People married for less than a year are less satisfied with life than people in any other year of marriage, according to the health fund Australian Unity’s recent Wellbeing Index. The findings suggest the financial stress of paying off a wedding and buying a home are to be blamed for the discontent. People married for less than a year have an average Personal Wellbeing Index score of 73.9, at the bottom end of the normal range of between 73.8 and 76.7. However, satisfaction with life bounces back in the second year of marriage and the happiest married people of the lot are those that have stuck together for more than 40 years or more (79.8).
By their second year of marriage, the Personal Wellbeing Index score for married people rises to 78.4 and stays at the top end or above the normal range every year after that. People who have stuck together for more than 40 years or more are the happiest (79.8). The lowest wellbeing is reported by separated people whose wellbeing score is just 69.2 but those who separate and remarry recover their sense of wellbeing. The survey found the lower wellbeing in the first year of marriage was linked to lower levels of satisfaction with a standard of living. Though recently married people would have newly acquired access to their partner‘s income, they also bear the costs of a wedding and potentially a new house, which could drain monetary resources, the survey says.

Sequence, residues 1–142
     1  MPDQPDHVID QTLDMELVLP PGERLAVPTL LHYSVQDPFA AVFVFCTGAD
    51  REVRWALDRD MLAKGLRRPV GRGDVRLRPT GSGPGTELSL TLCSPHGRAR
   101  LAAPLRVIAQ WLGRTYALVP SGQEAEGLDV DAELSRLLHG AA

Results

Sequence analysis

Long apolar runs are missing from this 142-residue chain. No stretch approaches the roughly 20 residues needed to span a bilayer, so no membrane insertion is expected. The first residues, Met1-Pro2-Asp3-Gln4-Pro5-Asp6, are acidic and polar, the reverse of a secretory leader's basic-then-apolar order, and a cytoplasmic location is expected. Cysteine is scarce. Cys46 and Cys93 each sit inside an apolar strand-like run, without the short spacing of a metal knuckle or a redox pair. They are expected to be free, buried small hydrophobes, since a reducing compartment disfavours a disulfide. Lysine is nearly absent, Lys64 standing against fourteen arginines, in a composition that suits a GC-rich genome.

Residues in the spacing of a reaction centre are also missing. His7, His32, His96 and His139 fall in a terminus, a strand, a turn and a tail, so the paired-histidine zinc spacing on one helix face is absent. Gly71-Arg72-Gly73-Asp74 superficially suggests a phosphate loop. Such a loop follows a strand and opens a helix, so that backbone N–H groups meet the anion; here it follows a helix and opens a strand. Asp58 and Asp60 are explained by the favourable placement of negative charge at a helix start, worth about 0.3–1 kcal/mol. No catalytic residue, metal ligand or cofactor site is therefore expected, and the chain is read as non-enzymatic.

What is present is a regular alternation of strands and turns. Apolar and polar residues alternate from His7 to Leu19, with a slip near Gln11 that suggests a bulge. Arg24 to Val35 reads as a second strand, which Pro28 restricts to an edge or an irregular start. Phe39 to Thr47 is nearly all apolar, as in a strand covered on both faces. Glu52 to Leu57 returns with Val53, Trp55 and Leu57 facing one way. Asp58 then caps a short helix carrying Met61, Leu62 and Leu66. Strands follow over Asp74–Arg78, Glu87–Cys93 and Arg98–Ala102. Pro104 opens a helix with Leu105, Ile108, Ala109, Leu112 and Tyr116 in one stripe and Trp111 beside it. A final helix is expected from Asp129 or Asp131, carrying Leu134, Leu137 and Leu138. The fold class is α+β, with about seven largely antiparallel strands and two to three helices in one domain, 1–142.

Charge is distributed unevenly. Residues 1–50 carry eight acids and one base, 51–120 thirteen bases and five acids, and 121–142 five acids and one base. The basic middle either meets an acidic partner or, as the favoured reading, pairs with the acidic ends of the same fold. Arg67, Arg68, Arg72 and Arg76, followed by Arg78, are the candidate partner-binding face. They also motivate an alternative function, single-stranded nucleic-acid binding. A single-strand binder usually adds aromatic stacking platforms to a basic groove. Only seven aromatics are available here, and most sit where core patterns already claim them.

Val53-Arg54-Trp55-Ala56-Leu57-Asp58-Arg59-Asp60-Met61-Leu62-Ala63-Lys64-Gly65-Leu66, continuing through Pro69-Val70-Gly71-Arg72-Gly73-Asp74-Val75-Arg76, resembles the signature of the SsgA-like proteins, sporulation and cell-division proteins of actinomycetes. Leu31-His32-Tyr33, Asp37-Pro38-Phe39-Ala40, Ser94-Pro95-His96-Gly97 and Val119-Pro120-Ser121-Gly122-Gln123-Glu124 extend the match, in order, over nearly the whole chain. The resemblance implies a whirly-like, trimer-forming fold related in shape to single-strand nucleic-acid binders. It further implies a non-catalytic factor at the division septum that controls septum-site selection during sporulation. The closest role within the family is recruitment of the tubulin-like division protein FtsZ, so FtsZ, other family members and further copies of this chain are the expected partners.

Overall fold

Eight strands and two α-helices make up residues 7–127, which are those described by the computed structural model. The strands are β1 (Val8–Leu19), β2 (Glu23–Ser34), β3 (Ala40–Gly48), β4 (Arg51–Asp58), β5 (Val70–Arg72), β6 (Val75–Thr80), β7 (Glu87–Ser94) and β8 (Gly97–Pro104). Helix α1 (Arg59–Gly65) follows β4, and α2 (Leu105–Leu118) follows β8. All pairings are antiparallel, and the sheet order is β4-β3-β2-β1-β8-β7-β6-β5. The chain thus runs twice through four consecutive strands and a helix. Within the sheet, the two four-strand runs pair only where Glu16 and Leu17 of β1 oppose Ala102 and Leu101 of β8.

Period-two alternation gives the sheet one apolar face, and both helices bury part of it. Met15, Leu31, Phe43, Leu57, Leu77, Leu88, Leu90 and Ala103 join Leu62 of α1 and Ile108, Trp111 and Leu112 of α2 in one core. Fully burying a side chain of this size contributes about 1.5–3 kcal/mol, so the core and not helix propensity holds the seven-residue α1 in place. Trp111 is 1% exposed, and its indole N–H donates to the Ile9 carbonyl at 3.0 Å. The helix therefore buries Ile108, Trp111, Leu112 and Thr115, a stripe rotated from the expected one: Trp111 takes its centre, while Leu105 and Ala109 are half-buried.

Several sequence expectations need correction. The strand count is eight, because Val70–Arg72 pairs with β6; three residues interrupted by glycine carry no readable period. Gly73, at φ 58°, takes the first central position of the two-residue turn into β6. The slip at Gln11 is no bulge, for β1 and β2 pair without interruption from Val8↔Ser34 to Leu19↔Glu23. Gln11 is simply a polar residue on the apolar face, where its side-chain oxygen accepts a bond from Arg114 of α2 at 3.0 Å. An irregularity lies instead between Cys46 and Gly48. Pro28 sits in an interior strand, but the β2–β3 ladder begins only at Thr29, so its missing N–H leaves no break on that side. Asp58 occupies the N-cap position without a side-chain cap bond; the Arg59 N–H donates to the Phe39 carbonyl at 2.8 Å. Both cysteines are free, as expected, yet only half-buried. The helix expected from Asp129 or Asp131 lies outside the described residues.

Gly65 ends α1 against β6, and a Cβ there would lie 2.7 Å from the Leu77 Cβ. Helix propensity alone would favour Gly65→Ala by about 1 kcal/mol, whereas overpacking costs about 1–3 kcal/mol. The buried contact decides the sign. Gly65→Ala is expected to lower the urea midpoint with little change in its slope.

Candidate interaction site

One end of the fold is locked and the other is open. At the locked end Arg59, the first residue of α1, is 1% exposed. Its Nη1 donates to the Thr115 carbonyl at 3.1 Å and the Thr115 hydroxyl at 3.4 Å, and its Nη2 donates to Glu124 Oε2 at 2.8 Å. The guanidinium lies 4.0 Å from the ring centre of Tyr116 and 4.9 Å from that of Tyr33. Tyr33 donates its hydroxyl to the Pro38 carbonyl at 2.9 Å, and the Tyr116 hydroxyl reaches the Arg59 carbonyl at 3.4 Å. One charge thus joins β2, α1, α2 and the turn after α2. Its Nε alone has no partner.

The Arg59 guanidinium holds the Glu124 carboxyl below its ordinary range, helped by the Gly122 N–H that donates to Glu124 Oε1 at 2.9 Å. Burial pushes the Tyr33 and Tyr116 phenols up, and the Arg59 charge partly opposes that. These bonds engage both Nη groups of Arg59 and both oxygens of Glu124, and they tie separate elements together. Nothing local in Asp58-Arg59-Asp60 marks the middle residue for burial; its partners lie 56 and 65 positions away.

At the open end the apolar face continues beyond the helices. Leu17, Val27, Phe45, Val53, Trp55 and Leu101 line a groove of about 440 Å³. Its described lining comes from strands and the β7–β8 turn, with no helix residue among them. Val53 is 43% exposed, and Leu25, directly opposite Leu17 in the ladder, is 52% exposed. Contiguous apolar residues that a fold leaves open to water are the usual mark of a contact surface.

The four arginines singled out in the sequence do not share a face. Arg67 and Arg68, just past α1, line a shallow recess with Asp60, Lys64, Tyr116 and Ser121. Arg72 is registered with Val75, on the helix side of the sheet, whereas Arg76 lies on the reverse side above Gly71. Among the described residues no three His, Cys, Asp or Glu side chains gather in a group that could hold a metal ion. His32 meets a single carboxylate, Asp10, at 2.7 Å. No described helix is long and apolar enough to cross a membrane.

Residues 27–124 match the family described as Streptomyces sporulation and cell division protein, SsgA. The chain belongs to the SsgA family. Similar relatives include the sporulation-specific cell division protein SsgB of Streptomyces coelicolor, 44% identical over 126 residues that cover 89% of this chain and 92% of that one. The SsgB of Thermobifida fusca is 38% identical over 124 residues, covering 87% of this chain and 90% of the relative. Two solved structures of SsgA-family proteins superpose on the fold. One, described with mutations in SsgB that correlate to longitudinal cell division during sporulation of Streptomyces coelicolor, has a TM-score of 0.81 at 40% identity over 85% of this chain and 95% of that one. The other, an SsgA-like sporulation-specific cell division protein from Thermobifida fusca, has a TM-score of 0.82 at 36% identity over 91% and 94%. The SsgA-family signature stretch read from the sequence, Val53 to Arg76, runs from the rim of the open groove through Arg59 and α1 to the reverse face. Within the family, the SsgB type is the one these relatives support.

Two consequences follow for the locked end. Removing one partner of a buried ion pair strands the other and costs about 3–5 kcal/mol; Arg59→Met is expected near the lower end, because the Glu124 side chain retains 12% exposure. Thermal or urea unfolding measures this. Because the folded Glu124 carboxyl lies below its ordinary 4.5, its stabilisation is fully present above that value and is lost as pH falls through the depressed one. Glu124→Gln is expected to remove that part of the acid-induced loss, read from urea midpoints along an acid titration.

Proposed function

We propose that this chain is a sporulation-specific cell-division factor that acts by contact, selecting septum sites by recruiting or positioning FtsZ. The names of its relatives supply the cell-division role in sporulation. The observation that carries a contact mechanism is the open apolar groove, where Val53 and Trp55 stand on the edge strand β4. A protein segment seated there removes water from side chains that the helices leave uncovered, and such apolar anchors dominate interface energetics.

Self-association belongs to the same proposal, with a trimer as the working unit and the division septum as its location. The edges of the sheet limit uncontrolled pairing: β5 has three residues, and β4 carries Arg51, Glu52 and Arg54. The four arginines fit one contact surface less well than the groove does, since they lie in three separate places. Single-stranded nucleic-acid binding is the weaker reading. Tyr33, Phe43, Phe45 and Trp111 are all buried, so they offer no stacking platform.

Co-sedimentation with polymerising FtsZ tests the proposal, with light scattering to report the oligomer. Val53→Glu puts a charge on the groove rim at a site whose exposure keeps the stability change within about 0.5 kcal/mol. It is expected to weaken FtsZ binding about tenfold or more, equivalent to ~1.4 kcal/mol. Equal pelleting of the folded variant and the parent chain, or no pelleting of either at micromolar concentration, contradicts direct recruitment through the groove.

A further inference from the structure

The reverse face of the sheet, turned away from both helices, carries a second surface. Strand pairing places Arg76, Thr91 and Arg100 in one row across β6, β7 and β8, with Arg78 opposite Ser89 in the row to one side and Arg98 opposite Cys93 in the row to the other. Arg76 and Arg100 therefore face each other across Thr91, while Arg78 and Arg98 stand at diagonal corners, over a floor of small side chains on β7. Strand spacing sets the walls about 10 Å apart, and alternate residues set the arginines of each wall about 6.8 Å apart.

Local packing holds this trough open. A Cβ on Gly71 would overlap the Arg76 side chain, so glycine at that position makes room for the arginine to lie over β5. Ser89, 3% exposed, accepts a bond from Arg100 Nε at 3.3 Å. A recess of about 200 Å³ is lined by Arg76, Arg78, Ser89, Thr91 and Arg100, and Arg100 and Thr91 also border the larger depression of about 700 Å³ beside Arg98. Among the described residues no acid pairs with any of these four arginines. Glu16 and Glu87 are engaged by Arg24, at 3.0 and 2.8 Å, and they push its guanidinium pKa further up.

The average cost of a wedding in Australia ranges from $36,200, according to IBISWorld, to as high as $48,296 according to a survey in Bride to Be magazine. The report’s lead author Deakin University’s Dr Melissa Weinberg says, “It boils down to what I call a wedding hangover, couples building up to the wedding day as the best day of their life, and then finding reality biting as they tote up their wedding bills and get back to work after the honeymoon.” The message for newly married couples is to persevere through that first frantic year, and reap the rewards later.”